Benchtop Care: Cloudiness and Haze
Have you noticed a haze or cloudiness on the surface of your natural stone benchtops? Natural stone benchtops provide an elegant focal point for kitchen countertops and bathrooms. But when the clarity of the finish is diminished by a haze or cloudy look, natural stone countertops quickly become an eyesore. There are a number of reasons why the problem develops. Here are the details about what causes this problem and what can be done to resolve it.
Improper Cleaning Products
People are often incorrectly advised to use window cleaner or soap water on benchtops. Over time, a buildup of improper benchtop cleaning products can cause a haze or cloudiness to develop on the surface of the stone. Abrasive cleaners, such as scouring powder, can also damage the finish of a benchtop. We always recommend pH-neutral, stone-safe cleaning products. If these products are ineffective in removing the haze or cloudiness, it’s probably time to have your stone professionally cleaned, sealed, or refinished.
Improper Cleaning Methods
Abrasive cleaning tools, just like abrasive cleaners, can destroy or damage the finish of a natural stone benchtop.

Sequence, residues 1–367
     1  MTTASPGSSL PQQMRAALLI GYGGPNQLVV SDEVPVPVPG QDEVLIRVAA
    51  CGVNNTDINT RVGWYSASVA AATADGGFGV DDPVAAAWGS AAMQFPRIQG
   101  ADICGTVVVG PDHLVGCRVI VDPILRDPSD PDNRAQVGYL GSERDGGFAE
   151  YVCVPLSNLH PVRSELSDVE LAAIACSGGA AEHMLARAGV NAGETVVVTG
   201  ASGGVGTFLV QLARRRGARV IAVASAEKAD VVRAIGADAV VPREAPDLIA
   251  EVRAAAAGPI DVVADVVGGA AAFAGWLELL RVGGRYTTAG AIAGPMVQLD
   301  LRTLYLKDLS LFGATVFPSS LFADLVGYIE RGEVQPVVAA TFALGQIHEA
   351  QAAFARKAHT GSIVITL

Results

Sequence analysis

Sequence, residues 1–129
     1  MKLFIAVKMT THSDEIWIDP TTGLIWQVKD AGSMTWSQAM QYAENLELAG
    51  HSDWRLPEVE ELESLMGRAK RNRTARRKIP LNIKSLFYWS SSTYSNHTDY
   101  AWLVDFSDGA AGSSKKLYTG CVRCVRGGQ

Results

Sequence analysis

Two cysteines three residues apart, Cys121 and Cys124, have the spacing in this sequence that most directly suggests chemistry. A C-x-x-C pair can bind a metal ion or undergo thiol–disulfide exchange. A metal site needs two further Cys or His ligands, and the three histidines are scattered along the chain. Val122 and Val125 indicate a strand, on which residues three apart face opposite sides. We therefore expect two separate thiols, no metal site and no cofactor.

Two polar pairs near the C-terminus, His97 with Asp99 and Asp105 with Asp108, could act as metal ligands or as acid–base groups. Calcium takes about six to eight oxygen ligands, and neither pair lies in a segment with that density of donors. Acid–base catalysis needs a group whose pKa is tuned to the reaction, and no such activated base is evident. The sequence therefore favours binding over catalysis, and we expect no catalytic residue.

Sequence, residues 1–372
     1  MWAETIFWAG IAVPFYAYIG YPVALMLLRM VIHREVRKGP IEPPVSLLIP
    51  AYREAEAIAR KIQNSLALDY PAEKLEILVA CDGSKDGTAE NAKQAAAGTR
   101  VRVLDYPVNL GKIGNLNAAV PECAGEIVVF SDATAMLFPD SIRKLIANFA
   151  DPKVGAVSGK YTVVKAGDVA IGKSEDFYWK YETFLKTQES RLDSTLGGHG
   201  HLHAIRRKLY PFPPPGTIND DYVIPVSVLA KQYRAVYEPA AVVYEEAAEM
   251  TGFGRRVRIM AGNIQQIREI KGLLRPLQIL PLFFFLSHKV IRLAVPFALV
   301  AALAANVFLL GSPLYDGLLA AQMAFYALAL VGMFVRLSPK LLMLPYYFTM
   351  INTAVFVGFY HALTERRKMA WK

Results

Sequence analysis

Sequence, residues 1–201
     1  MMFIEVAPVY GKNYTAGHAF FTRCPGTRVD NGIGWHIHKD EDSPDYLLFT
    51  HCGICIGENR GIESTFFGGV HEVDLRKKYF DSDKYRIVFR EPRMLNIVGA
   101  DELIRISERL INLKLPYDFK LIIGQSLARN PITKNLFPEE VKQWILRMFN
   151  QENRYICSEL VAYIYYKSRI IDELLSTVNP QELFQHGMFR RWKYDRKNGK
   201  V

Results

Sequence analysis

Oil-based spills that are not cleaned up right away can seep into the porous surface of the stone, causing the stone to develop a haze or cloudiness. Oil can be very difficult to remove stains on most stones. Carefully use a sharp razor to scrape off the excess if it has dried on the surface. Sprinkle a generous portion of poultice powder on the spill and let stand for 12–24 hours. Remove the dry poultice and prepare a solution of degreaser and water. Apply this solution to the spill and keep it wet for 30 minutes. Vacuum the solution up and blot the remainder with a clean cloth. If the haze or cloudiness is still present, poultice with a solvent (commercial paint remover works well) and poultice powder.
Improper Sealer Application
Ideally, the stone sealer is absorbed into the stone’s porous surface and does not affect the finish’s appearance. A haze or cloudiness can be caused by a stone sealer for a number of reasons. It may be because the wrong sealer is used. Sometimes a highly polished top doesn’t need to be sealed at all. Therefore, the sealer doesn’t absorb into the stone. Even if the stone does need to be sealed and the appropriate sealer is used, a haze or cloudiness can still develop if the sealer is improperly applied. A professional stone restoration contractor will need to resolve this situation.
Hard Water Deposits
Hard water deposits can cause a haze or cloudiness on the surface of natural stone. Sometimes, if the buildup is not too severe, it can be safely removed using a pH-neutral, stone-safe cleaner. If not, a professional restoration contractor can restore the finish.
Feel free to contact us with questions or concerns about removing a haze or cloudiness from the surface of your natural stone bench tops.